When imagining a trip to Italy I thought of Roman remains, delicious pizza and bustling late night dining. Did a budget city break to the coastal city of Cagliari deliver?
Italy has always been somewhere I have imagined myself to travel as part of a loved up couple. Having managed to secure an eligible young gentleman for long enough to initiate a mini-break I started to look at my options and my bank account to suss out how this dream could be achieved. My bank account dictated that a modest budget of just £200 would need to be stuck to.
The flights to Cagliari were very cheap at around £70 return. From the airport there is a two euro airport bus to the central bus station of the city. So far, so good, travel costs would be concluded at just £74 plus the train to and from Central London - let's say £20 for this – so a total of £94 per person.
This turned out to be just a short walk to the bottom of the old town and around fifteen minutes from the apartment I had booked. I had done a quick search for accommodation in Cagliari and had found La Piazzetta for just 60 euro per night. Although more expensive than a hostel I decided it would be worth it to keep my Italian dream weekend as romantic and dorm free as possible.
However, from walking around Cagliari one decent looking hostel did catch my eye, Cagliari Hostel Marina. This is both central to the old part of the city and the Marina area.
La Piazzetta apartment was a fantastic find. It had an open plan bedroom/ diner and a separate toilet and shower-room. Included in the price were breakfast and stocks of a few other basics, such as pasta and rice. The apartment is at the bottom of the building, which meant that even in the midday sun it stayed very cool and sheltered. The heavy wooden front doors also virtually block out any outside noise and made me feel like I may be living in a miniature castle. This made the apartment perfect for long lies-in. With transport and accommodation the budget had now reached £154 per person.
Within easy walking distance of La Piazzetta and the other accommodation option I highlighted you will find the main tourist attractions Cagliari has to offer. Cagliari – or the tourist part of Cagliari - can be simply split in to three distinct areas: the old town (the Castello), the Marina and the area with Roman ruins (Stampace). We had just one and a half days to explore the city.
The Castello was probably my favourite area to explore. With Byzantine and Roman architecture side by side, simply walking around the old town made for an interesting day out. You can climb many of the main towers left marking the gates of the old town walls for a nominal fee. There are also a number of museums focused on architecture and history, which cost around 10 euro to visit each.
Having spent our first afternoon exploring the Castello the second full day was spent looking around the Stampace area. There is a fantastic coliseum in this area, which has been turned in to a visitor centre come music venue. From what we were told both opera and pop are welcomed on to the stage at the coliseum during the winter months.
The town’s botanical gardens are at the foot of the coliseum and host a few Roman remains of their own (http://www.sardegnaturismo.it/index.php?xsl=108&s=6356&v=2&c=3209&c1=2123&t=1). The botanical gardens seemed like a bargain at just four euro each. However, the grounds were a little run down with little lush vegetation. The area outside the gardens is also a little daunting with layers of anti-government graffiti across roman remains and slightly odd characters walking around.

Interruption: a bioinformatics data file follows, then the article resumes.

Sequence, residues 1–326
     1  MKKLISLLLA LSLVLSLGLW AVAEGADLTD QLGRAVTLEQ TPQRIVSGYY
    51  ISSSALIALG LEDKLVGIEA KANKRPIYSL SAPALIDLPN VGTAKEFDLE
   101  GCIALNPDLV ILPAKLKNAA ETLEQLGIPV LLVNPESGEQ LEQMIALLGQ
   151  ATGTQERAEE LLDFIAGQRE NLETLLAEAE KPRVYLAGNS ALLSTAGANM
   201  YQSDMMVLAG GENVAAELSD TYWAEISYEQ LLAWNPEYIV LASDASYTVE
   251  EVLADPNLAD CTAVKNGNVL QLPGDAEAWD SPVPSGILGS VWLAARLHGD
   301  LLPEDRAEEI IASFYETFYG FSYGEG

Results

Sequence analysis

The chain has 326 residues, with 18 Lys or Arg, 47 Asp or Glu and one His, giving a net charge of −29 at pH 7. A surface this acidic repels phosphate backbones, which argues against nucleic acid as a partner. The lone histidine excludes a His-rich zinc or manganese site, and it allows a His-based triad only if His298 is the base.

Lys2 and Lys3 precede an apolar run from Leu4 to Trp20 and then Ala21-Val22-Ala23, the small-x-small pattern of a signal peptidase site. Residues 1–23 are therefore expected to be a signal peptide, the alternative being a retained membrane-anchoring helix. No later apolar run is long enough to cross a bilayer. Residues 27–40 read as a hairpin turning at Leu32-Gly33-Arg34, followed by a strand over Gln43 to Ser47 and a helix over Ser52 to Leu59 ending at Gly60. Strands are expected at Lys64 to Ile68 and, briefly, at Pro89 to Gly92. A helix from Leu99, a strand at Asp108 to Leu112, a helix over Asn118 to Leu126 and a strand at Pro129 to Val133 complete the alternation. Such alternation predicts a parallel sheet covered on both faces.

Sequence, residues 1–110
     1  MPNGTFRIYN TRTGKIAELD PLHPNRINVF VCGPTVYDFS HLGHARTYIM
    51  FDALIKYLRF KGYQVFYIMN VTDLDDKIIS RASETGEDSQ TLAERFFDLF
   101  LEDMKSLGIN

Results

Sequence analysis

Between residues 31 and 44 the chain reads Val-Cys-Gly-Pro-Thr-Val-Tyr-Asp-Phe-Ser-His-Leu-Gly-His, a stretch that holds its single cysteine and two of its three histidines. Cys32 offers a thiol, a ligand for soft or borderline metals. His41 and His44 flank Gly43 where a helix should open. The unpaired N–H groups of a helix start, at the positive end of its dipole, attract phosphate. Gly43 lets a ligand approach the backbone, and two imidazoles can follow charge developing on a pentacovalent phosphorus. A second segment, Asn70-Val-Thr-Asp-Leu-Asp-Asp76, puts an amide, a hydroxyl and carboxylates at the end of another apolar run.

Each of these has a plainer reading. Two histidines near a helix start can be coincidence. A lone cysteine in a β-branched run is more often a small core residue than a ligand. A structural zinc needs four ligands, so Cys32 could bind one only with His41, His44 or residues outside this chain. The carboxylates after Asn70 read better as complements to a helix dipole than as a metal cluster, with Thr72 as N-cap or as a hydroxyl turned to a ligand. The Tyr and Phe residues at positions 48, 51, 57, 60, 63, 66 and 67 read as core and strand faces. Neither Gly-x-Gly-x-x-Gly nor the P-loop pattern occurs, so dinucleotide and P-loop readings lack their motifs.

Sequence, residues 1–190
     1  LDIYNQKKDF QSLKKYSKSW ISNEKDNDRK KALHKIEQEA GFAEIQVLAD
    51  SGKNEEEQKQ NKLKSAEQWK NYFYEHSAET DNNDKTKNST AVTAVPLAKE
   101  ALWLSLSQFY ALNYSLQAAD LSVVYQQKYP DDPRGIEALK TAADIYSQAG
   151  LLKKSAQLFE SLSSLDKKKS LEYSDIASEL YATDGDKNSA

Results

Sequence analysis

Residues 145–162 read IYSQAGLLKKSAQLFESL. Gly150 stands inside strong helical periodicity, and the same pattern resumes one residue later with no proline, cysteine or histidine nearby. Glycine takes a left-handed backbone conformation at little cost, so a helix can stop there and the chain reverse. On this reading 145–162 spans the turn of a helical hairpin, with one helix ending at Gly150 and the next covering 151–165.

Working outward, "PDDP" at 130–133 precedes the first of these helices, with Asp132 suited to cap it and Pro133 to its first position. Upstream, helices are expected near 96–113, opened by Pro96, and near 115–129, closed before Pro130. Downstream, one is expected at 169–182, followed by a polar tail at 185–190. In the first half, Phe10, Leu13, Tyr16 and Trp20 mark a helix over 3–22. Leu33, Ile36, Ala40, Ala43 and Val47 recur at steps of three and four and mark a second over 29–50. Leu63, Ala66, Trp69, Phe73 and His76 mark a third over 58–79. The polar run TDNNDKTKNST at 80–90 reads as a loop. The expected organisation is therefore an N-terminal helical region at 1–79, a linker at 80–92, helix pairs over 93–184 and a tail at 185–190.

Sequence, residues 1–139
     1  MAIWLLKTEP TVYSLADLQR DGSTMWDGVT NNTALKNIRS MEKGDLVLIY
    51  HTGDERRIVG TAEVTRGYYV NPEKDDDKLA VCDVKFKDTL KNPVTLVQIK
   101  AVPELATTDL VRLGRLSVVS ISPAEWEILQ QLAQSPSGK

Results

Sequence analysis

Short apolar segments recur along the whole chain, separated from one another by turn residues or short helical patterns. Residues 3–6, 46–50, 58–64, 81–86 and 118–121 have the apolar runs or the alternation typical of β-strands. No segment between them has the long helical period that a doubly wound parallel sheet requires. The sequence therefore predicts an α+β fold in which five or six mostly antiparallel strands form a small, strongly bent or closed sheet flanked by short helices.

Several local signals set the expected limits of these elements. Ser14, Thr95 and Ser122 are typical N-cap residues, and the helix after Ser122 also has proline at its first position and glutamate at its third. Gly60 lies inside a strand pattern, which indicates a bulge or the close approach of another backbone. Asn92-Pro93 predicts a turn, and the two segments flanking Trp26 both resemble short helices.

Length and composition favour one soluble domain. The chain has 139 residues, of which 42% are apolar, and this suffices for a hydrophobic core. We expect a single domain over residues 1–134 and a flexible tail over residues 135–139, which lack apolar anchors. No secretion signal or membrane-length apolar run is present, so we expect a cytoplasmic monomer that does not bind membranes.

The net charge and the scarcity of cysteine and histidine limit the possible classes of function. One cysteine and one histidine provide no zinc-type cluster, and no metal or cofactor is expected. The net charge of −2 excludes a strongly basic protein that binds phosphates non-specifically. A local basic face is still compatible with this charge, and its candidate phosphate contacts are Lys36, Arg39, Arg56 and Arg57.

After a good days sightseeing, there are plenty of bars and restaurants both in the old town and around the Marina area to frequent.
There is a fantastic network of back streets near the Marina area with a wide array of restaurants to suit any budget. The food on offer ranges from fresh seafood, meat and of course pizza and pasta. Myself and Michael went to L'Oca Bianca ( http://maps.google.co.uk/maps/place?hl=en&rlz=1I7RNTN_en&um=1&ie=UTF-8&q=L'oca+Bianca+cagliari&fb=1&gl=uk&hq=L'oca+Bianca&hnear=cagliari&cid=5426058254235725877) which we had seen widely praised in many guides. It really did live up to the praise, with beautifully flavoured and generously sized pizzas on offer (see pictures for pizza size).
Two of the busiest bars in the town were De Candia (http://travel.nytimes.com/2007/08/12/travel/12sardinia.html), and Caffe Degli Spiritu, both situated at the Bastione San Remy, a square situated high up in the old town with views to the new city and to the harbour areas that Cagliari winds around. Both the bars have large couches and communal beds to laze back on and take in the late ambient music.
The bar that was the real highlight for me was Mojito Di Damu Pietro (http://maps.google.co.uk/maps/place?hl=en&rlz=1I7RNTN_en&um=1&ie=UTF-8&q=mojito+cagliari&fb=1&gl=uk&hq=mojito&hnear=cagliari&cid=977188771544960472). Mojito is a charming little bar, hidden in a tiny corner at the bottom of one of the sets of steps leading to the old town. Having ordered just one drink we were presented with five small plates of snacks ranging from ham sandwiches to roasted nuts. The bar had a great atmosphere and gradually spilled further and further on to the adjacent street as the evening wore on. This definitely ticked the bustling night-life box.
The weekend had been an all-round success. Cagliari had fulfilled the total of my Italian wish list. It may not be Rome, but with a weekend and £200 to spare a successful mini-break can be achieved.